People are ‘downed’ in stages: first the person drops to the ground after being injured, but they can carry on shooting. If they take enough damage in that stage, then everything goes grey (for them) and they can’t shoot back. If no-one manages to save them, they’re taken into custody and you’ve lost them until a hostage trade is negotiated by the game. We failed two missions just by trying to rescue one player: they’d fall, the rescuer would drop, the rescuer’s rescuer would fall, and the rescuer’s rescuer’s rescuer would fail. If you’re going to fail, you might as well fail spectacularly, and in a pile of bodies. We restarted because we just had to win.
While it’s one thing to have people replay maps for their own sense of completion, it’s another to do so cheaply. It’s not until you get to level ten that more missions are added to the meagre amount on the map screen, and that can be quite a slog. The longer we played, the more a touch of Groundhog Day started to settle in. I just checked and I’m sadly not Bill Murray: I don’t get to win life by repeating the same thing over and over. While there’s a good variety of missions, from a fun run on a nightclub where I demanded everyone report to the dancefloor, to busting into a meth lab and cooking up your own batch, the same bank from an earlier mission cropped up in a multi-stage, which is a tense series of linked missions that you get a huge score from. Though it wasn’t quite the same bank, because maps will randomise loot placement and objectives, and some routes will be blocked off. It’s a really good system for making each heist just that little bit different each time, and we did have to adapt tactics accordingly, but it feels cheeky when they use it to shove a map I’ve already played into a sequence with a couple of others. Particularly when the game does its utmost to get you to play them over and over on the map-screen, anyway.
Offering you multiple versions of the same mission at different difficulties is just one of the problems I have with the menu screen. Payday 2 ditches a traditional mission selection menu, instead requiring you to select missions from a map. That’d be fine if the missions were placed on logical part of the map, but they’re not. Instead they throb in and fade out, actually disappearing from the screen. Filters don’t help, as they only apply to things like enabling friends list and adjusting for ping. It’s manages to be less useful than Skyrim’s celestial skill-trees, which was my gold standard of terrible until now.
It’s not as if they don’t know how to do it. The character skill-tree selection is fine, even if the choices are a tad busy. You have four classes, each with three branches. My own selection was the Technician, because he had a skill track that led me to the promised land of a sentry gun. But I could have headed towards a faster drill or better C4. And I still can: there’s no stopping me from selecting skills in those tracks as well, or combining entire classes so I can have the power of an Enforcer, alongside the speed of the Ghost, or the crowd-controlling Mastermind. I can even respec.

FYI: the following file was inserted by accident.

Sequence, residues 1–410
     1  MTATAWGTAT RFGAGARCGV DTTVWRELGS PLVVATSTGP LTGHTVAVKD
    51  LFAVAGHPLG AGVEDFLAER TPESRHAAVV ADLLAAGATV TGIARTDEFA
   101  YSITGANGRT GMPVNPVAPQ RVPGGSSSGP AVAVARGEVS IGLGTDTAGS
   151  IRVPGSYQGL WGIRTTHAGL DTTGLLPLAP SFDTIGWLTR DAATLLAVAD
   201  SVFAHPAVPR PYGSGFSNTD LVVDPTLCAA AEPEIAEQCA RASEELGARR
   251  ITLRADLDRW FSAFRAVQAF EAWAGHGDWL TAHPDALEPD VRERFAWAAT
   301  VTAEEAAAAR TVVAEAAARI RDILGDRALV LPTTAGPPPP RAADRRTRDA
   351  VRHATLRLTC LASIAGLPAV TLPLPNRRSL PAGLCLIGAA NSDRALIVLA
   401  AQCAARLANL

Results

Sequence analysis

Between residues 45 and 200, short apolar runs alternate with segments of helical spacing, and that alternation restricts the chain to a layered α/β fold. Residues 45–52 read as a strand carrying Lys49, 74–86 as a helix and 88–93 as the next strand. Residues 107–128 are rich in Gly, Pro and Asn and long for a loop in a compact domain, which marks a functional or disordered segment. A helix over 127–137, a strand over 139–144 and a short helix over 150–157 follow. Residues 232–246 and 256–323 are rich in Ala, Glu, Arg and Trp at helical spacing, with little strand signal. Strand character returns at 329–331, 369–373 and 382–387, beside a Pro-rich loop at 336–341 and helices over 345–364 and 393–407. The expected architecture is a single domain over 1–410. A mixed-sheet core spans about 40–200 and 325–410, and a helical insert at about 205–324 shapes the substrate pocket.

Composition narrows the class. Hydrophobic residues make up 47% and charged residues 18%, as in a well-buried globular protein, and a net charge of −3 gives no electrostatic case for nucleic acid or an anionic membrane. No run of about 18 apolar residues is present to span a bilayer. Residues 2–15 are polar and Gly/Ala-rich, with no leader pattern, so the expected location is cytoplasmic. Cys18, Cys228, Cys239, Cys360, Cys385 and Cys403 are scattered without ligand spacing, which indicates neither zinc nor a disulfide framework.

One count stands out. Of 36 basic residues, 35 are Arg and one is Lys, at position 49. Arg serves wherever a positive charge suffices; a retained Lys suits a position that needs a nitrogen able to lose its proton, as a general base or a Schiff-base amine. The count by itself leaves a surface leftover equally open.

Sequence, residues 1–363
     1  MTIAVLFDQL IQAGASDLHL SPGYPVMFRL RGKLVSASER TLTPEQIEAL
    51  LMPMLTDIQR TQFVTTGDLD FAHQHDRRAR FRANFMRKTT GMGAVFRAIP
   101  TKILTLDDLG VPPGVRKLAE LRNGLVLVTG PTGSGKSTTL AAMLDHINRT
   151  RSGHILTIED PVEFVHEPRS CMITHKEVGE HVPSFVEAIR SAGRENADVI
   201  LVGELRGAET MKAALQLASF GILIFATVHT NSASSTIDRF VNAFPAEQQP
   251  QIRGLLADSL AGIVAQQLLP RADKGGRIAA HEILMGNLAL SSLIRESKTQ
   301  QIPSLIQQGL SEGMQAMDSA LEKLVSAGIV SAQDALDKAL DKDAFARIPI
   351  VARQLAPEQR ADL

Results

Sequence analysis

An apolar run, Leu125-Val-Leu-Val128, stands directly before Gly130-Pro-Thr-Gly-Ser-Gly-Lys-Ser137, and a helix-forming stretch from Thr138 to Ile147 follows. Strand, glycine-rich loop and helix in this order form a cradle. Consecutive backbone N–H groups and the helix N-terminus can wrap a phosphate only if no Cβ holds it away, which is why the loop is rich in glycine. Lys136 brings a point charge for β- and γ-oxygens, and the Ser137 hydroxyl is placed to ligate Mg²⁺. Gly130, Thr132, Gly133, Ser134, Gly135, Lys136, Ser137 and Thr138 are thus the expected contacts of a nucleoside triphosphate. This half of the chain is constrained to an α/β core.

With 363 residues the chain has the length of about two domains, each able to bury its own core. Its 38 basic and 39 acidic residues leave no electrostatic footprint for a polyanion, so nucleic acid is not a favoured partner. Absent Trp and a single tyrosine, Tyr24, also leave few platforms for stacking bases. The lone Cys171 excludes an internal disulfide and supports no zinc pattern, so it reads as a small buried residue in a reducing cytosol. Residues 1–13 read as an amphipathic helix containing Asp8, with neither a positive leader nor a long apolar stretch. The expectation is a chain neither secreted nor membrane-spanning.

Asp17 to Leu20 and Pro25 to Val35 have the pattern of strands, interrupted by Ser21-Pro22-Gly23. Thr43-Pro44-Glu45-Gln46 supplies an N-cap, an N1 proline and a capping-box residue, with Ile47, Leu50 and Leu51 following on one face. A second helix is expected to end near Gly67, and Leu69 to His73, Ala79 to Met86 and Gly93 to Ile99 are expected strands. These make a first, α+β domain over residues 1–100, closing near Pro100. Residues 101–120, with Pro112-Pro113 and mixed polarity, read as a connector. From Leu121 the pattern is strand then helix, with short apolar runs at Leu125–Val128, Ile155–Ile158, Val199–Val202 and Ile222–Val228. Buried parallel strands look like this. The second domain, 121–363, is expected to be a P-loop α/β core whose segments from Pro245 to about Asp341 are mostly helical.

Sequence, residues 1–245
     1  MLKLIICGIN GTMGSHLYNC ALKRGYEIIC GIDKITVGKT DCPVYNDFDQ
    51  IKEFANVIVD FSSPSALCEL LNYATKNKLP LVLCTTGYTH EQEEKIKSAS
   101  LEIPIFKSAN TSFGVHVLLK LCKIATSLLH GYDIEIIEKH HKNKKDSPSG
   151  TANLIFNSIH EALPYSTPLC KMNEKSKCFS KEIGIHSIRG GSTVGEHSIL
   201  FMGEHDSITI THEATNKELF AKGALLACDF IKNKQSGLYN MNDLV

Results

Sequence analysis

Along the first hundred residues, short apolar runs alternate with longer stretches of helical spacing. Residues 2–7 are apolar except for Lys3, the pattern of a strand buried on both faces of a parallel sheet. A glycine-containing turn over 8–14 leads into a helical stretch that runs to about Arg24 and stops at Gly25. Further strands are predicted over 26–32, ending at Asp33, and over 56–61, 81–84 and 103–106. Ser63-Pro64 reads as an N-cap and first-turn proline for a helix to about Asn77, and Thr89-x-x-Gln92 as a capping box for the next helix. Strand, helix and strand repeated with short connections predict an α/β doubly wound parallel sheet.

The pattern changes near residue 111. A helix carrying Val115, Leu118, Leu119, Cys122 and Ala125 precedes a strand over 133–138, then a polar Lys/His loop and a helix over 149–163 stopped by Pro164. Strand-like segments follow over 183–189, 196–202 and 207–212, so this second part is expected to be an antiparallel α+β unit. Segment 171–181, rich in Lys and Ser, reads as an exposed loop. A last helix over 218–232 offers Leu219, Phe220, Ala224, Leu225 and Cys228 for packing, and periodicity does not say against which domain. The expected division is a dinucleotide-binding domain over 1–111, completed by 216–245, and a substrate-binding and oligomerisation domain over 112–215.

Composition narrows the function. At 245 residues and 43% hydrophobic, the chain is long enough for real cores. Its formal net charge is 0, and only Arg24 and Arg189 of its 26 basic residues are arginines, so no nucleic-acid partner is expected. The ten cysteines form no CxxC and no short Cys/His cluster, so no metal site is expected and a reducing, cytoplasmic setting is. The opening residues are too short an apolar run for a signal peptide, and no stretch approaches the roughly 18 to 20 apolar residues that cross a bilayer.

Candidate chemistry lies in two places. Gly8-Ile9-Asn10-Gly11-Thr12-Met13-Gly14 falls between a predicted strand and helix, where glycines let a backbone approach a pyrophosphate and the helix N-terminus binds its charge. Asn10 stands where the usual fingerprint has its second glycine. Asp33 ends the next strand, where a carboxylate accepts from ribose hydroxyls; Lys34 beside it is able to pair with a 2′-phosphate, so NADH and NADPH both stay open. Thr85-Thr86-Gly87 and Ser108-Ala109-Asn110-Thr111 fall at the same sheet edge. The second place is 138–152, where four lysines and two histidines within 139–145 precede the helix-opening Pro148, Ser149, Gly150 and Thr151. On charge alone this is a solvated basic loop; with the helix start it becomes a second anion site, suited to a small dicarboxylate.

The equipment screen also works: any weapon can have a number of mods attached, which are earned, bought, or unlocked. The usual spread of handling, sights, suppression, and customisation are there, to improve on the already fun guns. And you can even sell collected upgrades and masks back to the game. Some of the prices are off, sure (a customised mask is thousands of dollars), and it’s a tough call to decide between paying for character upgrades and weapons because you’ll often not have the money for both. To move from an actual working menu to the broken mess of the mission menu is as jarring as being zapped by a taser.
What a fundamental thing to get wrong. It does a lot right, otherwise. Hanging out in the menu screens, advising on possible upgrades, moving from job-to-job, it’s slightly more communal than Left 4 Dead. Everyone joins a map together, and there’s also drop-in joining. If someone falls out completely, the AI will ready up, though the squad AI is pretty basic: they don’t carry items, which could mean multiple trips for the players. The enemy forces aren’t terrible to fight against: the staged waves are more compelling to me than a randomised assault. It’s good to know when it’ll get rougher to help with the planning and the ammo and health deployment.
Most of the levels are fun, the only downright stinker we came across was a mall heist that required the team to smash $50,000 of stuff. There’s only the vaguest feedback given, so we didn’t know what to smash, what would cost more, and why smashing up a showcar seems to have no effect. It’s miserable to in there, wasting bullets and time when the other levels flood you with information. Drill have timers on them for god sakes, this damn level could have a clearer countdown. Even stages that placed drill locks in quick succession were more bearable.
That’s partly because this is a party game. There’s no getting around that it works better with friends or friendly faces, particularly people who can take a failure and laugh it off. I haven’t found too many in the general server population, to be honest. A lot of hosts see anything below level 15 as a personal insult, and they like to abuse the kick button. That’s not too much of a problem if you’re comfortable on a microphone and surrounded by Steam friends, but your mileage will vary depending on who you play it with. Which isn’t unusual for a co-op game. It’s a good shooter, with flashes of brilliance in some of the missions, but I’d only buy it if you have people to play it with.
*Owen is odd.
Payday 2 is out now.